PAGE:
Matt J. Rossano asks, Can You Be Good Without God?.
The interesting issue — the one upon which productive discussions can be built rather than useless shouting matches — is not whether you can be good without God, but what role religious beliefs and practices play in morality. From the get go, however, we have to be clear on what we mean by “morality.” For most of human history, morality simply meant “adherence to group norms.” The idea of some universal moral code that applies equally to people of all tribes, races, ethnic groups, etc. is a very recent idea and one that exists far more as a noble aspiration than a regularly implemented practice.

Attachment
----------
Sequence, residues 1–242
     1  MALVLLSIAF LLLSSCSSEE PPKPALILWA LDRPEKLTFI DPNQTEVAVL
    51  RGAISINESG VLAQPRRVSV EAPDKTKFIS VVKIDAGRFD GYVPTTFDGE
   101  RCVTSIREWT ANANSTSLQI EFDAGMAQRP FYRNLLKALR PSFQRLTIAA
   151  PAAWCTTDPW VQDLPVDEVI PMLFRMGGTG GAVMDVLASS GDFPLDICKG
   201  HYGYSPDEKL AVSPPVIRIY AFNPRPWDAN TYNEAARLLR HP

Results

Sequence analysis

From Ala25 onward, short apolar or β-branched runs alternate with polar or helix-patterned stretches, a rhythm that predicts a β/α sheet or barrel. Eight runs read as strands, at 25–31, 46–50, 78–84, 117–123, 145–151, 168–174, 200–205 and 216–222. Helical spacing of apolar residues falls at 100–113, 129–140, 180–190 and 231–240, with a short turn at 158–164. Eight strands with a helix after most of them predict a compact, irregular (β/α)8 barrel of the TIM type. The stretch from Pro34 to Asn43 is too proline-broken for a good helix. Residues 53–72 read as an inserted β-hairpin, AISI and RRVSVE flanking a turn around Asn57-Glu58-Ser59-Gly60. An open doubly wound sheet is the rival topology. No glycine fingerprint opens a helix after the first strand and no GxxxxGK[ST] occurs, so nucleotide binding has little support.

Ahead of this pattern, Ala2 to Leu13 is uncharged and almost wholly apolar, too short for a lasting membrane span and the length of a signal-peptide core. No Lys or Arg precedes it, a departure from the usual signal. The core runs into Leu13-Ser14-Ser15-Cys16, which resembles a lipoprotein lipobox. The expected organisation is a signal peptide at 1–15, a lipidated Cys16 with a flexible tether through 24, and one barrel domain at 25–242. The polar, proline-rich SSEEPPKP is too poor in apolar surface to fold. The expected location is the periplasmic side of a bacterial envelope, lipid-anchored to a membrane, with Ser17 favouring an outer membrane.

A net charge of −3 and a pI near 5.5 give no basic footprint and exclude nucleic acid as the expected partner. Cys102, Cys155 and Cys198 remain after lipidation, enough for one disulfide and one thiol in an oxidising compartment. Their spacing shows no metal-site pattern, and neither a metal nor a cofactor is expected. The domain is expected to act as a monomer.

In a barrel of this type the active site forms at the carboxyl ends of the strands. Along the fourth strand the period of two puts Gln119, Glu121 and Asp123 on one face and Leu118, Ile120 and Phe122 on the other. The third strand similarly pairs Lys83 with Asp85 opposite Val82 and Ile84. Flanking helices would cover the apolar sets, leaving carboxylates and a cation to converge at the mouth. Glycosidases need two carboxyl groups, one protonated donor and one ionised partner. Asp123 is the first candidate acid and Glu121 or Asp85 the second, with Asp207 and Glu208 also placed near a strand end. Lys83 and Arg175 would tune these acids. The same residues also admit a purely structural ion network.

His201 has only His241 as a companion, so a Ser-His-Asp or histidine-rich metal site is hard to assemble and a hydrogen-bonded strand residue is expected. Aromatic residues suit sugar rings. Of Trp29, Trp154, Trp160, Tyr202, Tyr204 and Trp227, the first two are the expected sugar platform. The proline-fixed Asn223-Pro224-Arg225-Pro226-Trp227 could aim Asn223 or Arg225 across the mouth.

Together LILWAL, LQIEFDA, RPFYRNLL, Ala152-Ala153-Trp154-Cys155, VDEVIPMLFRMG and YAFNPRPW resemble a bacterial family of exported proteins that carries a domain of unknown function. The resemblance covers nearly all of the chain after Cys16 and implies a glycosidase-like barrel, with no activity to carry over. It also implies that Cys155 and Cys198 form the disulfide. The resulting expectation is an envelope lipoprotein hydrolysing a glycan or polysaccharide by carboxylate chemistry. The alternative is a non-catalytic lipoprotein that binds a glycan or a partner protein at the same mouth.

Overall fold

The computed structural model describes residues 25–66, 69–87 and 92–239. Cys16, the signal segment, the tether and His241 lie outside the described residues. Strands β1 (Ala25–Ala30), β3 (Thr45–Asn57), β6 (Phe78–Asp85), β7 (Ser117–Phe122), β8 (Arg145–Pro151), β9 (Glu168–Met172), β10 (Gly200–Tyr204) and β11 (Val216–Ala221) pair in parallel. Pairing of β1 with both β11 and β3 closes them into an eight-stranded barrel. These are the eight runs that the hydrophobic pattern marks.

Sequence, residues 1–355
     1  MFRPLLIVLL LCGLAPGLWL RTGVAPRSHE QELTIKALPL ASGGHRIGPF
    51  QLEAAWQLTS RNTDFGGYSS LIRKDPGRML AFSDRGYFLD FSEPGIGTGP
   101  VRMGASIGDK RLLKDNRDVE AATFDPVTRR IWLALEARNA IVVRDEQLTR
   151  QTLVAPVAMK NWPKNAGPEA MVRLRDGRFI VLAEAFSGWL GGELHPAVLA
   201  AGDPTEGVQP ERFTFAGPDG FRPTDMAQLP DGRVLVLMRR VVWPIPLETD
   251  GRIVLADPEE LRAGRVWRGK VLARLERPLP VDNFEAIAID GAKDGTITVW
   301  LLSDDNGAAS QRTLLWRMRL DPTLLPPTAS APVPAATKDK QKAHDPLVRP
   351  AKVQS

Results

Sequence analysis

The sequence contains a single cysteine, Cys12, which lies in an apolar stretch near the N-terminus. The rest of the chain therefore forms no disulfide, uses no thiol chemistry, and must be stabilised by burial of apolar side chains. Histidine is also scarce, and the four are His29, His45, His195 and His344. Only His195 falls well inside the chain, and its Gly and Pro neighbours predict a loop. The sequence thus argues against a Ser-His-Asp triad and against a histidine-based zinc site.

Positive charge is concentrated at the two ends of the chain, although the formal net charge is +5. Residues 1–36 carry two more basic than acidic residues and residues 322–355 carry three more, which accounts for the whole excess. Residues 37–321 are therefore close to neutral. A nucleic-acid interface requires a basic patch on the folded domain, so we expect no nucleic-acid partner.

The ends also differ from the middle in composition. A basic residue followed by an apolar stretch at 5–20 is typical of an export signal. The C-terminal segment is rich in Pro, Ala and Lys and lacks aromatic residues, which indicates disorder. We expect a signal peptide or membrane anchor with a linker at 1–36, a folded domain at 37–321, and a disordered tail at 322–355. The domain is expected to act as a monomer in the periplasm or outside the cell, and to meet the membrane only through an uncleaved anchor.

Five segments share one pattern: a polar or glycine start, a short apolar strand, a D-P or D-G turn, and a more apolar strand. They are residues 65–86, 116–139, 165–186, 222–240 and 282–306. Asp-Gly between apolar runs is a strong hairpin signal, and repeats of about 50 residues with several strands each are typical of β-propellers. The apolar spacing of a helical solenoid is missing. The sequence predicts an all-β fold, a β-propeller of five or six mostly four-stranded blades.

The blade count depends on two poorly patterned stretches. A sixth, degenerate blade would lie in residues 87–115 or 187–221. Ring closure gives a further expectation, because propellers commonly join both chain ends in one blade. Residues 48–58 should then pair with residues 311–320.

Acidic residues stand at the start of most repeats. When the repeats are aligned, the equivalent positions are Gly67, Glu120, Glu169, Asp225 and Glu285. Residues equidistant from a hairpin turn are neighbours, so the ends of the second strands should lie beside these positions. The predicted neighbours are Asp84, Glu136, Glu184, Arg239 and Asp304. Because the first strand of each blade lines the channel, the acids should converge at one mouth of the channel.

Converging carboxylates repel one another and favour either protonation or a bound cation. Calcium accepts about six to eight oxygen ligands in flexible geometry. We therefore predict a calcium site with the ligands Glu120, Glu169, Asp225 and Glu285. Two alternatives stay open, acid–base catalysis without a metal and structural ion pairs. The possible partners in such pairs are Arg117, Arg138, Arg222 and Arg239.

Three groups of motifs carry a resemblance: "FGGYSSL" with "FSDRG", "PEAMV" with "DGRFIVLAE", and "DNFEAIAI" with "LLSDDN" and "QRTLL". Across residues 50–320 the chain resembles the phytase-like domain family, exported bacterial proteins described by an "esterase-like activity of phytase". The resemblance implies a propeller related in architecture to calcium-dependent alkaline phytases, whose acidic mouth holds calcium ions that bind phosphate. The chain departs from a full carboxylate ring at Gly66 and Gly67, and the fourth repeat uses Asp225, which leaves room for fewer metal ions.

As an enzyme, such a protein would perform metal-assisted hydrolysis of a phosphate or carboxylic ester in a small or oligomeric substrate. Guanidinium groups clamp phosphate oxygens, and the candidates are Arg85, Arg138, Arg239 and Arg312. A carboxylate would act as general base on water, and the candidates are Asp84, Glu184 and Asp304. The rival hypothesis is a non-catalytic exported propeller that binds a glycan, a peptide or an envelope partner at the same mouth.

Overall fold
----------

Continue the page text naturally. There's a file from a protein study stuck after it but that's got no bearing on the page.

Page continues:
I think Augustine would have said no, don’t you?
Of course, this raises the question of the good which is done without the name of God attached. Of course to that I attach this quote -
It’s the second contention that fascinates me; that one million kiwis are morally good without God. In the liturgy we say of God, “you are the source of all life and goodness”. As Erasmus would have it, and Jung so famously reinforced: “Vocatus Atque Non Vocatus Deus Aderit – Bidden or not bidden, God is present.”